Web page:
Students Honor Victims of Genocide in a Weeklong Series of Events and Project Rehumanize

A woman who endured more pain than most have in a lifetime came to UTSA to share her story on Monday, Nov. 9. That woman, Holocaust survivor Rose Williams, spoke to students as part of Project Rehumanize, a project put on by students from the Honors Seminar: Holocaust and Genocide.

The professor who teaches the course, UTSA History Professor Dr. Kolleen Guy, says, “Part of the objective of the class is to get the students to take what they learn and do something with it.”

Guy continues, “I tell them that you don’t have to change the world, but you can try and change your little piece of it.”

The students in the course came up with a series of events on campus to raise awareness of the events of genocide.

The series, known as Project Rehumanize, aims to give a human face back to the millions affected by Genocide.

Dr. Guy advised the students to start by focusing on the Holocaust, alleging that most people think they know something about the Holocaust, and it is a good avenue to get people thinking about, and exploring the lesser known, episodes of genocide.

The students contacted Williams, in order to have her give a speech at UTSA on her experiences in the Holocaust.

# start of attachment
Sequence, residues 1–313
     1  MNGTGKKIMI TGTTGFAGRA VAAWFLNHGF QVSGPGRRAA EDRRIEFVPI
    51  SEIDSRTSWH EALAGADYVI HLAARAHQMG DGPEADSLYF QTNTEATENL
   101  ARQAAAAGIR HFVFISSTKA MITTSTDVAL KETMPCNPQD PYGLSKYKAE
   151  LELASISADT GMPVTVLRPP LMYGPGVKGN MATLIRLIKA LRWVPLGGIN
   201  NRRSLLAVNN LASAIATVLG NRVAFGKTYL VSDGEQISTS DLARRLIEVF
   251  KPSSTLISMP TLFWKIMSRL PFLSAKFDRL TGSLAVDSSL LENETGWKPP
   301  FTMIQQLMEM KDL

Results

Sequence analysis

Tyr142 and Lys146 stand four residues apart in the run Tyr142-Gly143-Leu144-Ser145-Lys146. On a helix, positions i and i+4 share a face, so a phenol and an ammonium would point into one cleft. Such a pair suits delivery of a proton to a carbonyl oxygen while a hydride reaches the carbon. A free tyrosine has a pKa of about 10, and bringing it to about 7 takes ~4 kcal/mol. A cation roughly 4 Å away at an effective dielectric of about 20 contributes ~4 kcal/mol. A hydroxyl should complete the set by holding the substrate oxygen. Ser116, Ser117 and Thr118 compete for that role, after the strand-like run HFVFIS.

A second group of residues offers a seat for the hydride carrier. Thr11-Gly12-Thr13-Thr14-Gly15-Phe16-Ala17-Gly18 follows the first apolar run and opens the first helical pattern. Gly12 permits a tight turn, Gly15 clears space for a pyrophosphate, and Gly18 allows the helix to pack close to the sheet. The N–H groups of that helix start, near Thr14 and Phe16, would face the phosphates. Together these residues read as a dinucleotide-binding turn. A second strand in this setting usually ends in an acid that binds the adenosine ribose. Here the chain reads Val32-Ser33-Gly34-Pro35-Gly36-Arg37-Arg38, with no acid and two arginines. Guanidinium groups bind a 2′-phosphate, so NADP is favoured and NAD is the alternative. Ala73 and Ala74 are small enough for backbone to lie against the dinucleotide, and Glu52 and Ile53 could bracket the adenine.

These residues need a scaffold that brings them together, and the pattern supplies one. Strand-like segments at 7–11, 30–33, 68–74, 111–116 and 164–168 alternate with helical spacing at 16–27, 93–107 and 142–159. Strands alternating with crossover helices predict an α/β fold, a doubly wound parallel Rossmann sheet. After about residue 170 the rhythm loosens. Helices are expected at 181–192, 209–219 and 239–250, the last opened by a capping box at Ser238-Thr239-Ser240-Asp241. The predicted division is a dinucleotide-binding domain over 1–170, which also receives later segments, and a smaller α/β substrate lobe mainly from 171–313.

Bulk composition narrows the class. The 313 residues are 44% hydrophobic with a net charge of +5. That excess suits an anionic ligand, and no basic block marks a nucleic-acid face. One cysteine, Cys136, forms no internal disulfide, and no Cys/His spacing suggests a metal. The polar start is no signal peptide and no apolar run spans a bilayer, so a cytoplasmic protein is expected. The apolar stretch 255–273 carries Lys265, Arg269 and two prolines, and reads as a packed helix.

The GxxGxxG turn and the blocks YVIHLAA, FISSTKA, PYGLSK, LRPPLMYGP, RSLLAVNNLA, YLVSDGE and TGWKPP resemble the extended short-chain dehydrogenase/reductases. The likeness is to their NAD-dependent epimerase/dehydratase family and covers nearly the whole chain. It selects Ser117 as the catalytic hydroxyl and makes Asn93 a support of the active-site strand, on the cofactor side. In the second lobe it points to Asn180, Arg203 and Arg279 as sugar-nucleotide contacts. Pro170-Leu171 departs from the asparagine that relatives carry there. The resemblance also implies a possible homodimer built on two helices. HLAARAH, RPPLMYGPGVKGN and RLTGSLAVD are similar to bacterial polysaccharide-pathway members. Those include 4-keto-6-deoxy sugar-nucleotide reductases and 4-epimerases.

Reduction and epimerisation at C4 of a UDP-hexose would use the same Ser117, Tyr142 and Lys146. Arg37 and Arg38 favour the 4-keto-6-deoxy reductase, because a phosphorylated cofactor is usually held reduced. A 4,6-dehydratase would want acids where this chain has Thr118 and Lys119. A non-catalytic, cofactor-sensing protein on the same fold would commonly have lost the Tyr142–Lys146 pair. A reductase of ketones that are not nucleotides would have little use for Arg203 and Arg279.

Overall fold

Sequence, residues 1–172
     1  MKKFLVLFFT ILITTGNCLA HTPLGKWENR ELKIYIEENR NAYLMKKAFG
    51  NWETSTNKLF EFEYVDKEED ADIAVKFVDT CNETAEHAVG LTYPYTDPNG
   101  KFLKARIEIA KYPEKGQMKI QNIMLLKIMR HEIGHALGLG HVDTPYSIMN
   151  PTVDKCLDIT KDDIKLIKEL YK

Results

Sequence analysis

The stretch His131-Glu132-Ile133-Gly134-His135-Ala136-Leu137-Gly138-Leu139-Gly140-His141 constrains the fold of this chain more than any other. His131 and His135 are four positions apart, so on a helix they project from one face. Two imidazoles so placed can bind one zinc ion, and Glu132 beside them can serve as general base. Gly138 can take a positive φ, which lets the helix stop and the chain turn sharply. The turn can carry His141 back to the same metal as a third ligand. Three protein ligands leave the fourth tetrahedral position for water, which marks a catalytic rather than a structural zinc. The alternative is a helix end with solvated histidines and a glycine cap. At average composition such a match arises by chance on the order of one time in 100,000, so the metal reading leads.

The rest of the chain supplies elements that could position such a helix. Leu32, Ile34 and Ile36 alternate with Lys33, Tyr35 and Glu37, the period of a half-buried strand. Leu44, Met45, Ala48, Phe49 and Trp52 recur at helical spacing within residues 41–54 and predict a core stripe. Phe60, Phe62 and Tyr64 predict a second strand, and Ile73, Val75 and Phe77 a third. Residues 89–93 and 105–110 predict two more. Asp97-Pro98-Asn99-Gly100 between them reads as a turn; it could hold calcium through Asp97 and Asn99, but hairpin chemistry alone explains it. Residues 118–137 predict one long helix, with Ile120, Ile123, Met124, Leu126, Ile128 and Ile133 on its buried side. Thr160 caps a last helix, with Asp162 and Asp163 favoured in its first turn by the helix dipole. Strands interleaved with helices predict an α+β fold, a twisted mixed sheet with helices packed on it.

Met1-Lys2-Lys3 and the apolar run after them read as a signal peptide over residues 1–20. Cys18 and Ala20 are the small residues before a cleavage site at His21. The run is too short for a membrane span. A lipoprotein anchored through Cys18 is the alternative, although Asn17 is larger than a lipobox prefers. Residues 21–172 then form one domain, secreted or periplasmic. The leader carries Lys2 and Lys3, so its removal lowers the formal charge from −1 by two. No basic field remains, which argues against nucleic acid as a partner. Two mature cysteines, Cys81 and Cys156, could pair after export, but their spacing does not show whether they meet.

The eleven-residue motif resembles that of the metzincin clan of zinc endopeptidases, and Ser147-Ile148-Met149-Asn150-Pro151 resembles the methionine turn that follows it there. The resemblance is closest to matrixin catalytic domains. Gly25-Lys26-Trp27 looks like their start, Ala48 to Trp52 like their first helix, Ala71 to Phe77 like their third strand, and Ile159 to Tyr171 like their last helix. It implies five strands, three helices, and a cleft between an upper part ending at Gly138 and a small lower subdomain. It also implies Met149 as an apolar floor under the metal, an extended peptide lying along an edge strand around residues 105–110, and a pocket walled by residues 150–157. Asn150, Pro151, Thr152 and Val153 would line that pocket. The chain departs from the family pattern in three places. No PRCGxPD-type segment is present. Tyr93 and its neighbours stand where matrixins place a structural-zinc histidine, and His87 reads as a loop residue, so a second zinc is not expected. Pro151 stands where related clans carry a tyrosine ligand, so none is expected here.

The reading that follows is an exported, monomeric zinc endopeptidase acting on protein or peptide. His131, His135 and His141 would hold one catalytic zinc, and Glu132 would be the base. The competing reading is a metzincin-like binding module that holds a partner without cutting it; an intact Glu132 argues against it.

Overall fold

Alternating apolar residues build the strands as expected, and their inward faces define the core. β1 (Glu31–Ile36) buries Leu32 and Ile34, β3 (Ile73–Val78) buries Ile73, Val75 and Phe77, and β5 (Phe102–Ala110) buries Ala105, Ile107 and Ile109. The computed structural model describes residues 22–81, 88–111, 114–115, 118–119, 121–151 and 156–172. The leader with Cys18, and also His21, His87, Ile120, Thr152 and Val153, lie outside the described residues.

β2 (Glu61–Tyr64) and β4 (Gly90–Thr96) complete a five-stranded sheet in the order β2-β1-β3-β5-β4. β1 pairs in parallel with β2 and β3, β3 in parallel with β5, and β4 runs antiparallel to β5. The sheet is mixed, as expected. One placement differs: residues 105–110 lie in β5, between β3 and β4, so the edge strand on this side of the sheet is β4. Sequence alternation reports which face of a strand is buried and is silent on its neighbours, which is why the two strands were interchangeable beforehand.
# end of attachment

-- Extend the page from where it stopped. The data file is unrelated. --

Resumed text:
Dr. Guy spoke about Rose’s speech, saying, “The idea behind the speech was to let the victims’ voices speak for themselves, and have people bear witness to that suffering.”

After Williams’ speech on Monday, Nov. 9, the students arranged for Dr. Margaret Paxson, a researcher at the Berkley Center at Georgetown University, to give a lecture titled, “Conspiracy of Goodness: Legacies of Rescue and Resistance from the Holocaust.” This lecture, given last week in the University Center, showed how one can cease being a perpetrator, a bystander and a victim, instead becoming part of the solution. Paxson gave one example of this with the small French village known as La Chambon-sur-Lignon that served as a refuge and safe haven for many Jews, especially children suffering persecution at the hands of the Nazis during World War II.

The Holocaust Remembrance week events concluded Monday, Nov. 16 at 6 p.m. with the students showing the two-time Sundance award winning film, “Watchers of The Sky”, directed by Edet Belzberg, in the Mckinney Humanities building on Main Campus.

The film follows the journey of Raphael Lemkin in his journey to raise awareness for Genocide. The film is inspired by Samantha Powers’ Pulitzer-Prize winning book, “A Problem from Hell.”